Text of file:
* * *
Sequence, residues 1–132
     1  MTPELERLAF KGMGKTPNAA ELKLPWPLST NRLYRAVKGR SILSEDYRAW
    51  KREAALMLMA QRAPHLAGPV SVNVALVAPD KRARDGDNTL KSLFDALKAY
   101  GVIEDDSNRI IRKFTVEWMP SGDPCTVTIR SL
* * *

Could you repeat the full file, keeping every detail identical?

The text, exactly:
Sequence, residues 1–132
     1  MTPELERLAF KGMGKTPNAA ELKLPWPLST NRLYRAVKGR SILSEDYRAW
    51  KREAALMLMA QRAPHLAGPV SVNVALVAPD KRARDGDNTL KSLFDALKAY
   101  GVIEDDSNRI IRKFTVEWMP SGDPCTVTIR SL